(CNSNews.com) – Senate Majority Leader Harry Reid (D-Nev.) said he hoped that a 1998 donation to the Democratic Party in Nevada ‘did not corrupt’ him but that the act was “corrupting.”
“It was a bad situation,” Reid said at a Senate Judiciary hearing on Tuesday where he spoke in favor of a constitutional amendment that would give Congress power to regulate federal campaign spending.
“I felt so unclean for lack of a better word,” Reid said, referring to his Senate campaign that year where there were no federal restrictions on campaign contributions.
“A person could give lots of money. One person gave a quarter of a million dollars for the state party. Of course he wanted me to know that he had done it. Now Mr. President, I hope that did not corrupt me, but it was corrupting,” Reid said.
Reid was at the witness table at the hearing in support of Senate Joint Resolution 19, which has been signed onto by 42 Democrat senators – not including Sen. Patrick Leahy (D-Vt.), chairman of the committee which Reid addressed.
The other witness on the first panel was Senate Minority Leader Mitch McConnell (R-Ky.), who spoke out against an amendment that he said was designed to silence political discourse.
The amendment would, McConnell said, “give us the power to pick winners and losers in the political discussion in this country.”
McConnell also said Congress would not pass the amendment and called the hearing a “political exercise.”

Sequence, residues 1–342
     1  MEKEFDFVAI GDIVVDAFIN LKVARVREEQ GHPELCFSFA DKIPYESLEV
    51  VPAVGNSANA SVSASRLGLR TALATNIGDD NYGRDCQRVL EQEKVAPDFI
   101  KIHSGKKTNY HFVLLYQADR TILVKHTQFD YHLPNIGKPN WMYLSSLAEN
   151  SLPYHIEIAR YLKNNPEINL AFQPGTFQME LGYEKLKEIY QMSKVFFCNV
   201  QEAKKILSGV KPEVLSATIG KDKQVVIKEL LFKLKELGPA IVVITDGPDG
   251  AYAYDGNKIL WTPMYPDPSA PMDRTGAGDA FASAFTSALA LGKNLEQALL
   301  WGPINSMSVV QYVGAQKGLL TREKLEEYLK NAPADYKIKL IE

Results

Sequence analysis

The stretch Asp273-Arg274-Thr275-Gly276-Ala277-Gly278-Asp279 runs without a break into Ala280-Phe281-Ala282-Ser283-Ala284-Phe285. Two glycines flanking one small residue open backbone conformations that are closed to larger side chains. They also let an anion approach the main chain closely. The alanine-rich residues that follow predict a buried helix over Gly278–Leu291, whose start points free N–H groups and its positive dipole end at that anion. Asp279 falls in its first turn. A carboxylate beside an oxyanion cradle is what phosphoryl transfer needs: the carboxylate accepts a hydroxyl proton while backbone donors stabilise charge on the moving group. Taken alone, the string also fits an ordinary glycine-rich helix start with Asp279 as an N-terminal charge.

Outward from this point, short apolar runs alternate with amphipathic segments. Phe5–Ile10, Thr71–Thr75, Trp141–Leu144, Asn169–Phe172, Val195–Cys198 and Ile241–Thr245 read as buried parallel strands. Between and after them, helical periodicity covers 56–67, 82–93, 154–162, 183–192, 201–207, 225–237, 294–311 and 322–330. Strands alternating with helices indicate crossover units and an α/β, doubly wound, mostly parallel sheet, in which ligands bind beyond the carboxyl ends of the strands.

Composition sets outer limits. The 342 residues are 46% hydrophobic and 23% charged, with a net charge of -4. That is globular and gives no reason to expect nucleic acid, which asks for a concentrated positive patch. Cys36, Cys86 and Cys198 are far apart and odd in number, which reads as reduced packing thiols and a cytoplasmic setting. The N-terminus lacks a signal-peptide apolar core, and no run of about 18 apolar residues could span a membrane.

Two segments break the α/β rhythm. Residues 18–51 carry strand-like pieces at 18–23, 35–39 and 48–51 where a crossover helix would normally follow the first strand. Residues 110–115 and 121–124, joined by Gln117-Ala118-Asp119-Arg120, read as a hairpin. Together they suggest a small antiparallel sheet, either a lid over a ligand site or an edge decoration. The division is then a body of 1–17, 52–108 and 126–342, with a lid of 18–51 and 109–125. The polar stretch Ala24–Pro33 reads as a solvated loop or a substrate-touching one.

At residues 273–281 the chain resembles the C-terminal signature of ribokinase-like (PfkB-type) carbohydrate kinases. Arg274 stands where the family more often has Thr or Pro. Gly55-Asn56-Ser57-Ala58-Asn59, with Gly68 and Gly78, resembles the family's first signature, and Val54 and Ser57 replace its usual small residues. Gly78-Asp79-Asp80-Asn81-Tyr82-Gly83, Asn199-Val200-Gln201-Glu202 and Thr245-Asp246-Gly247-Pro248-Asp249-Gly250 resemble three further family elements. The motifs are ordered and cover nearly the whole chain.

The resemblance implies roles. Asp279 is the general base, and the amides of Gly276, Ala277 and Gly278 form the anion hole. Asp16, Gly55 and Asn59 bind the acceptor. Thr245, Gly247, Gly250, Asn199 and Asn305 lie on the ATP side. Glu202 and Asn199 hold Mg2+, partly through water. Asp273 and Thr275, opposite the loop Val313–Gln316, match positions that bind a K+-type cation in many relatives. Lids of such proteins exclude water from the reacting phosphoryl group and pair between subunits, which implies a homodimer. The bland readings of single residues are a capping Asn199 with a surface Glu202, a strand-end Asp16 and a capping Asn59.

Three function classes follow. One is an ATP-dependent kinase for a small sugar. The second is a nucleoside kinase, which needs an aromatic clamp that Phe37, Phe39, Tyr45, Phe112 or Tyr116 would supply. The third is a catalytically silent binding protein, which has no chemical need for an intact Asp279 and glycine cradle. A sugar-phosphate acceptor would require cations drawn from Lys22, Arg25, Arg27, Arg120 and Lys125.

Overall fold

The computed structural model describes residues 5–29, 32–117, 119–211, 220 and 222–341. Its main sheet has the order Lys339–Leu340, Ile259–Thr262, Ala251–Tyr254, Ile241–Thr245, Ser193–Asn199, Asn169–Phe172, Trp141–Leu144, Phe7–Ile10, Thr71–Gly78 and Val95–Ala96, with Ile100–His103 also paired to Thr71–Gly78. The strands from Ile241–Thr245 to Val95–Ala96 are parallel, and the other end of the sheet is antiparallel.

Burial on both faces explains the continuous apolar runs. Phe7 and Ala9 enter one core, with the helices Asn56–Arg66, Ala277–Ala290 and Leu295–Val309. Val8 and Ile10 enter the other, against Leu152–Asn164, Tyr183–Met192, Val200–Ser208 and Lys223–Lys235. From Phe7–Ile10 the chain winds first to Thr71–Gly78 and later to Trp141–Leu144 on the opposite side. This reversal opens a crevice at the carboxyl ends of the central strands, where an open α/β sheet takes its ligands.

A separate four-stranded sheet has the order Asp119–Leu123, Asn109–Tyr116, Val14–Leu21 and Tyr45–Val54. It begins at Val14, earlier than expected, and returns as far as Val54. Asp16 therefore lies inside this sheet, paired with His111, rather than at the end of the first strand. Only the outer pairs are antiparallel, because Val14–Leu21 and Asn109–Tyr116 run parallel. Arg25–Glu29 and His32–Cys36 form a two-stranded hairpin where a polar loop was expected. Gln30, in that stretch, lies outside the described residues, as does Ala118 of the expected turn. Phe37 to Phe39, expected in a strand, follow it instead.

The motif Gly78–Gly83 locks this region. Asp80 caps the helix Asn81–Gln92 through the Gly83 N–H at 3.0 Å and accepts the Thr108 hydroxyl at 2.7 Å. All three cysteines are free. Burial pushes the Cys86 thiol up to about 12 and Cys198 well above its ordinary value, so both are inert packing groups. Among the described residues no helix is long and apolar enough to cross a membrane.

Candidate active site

At the hearing, Reid praised the 2002 Bipartisan Campaign Reform Act, which was examined by the U.S. Supreme Court after a conservative group was accused of violating the law by spending money to promote an anti-Hillary Clinton documentary. The high court ruled in 2010 in favor of Citizen United, opening the way for unrestricted political speech and campaign contributions.
The Senate bill is designed to reverse the Supreme Court decision by amending the Constitution.
Reid said the campaign reform law made him feel “clean” in elections following its passage.
“So when I ran in 2004, it was like I’d taken a bath,” Reid said. “And I felt so clean, because it was an election that everyone who was involved in a federal election had to list where they got the money; there was a limit on how much you could ask and get from someone else.
“You could -- you listed their occupation and so on,” Reid said. “That was wonderful.”
Reid said the 2010 Supreme Court ruling in favor of Citizens United put federal elections “back in the sewer.”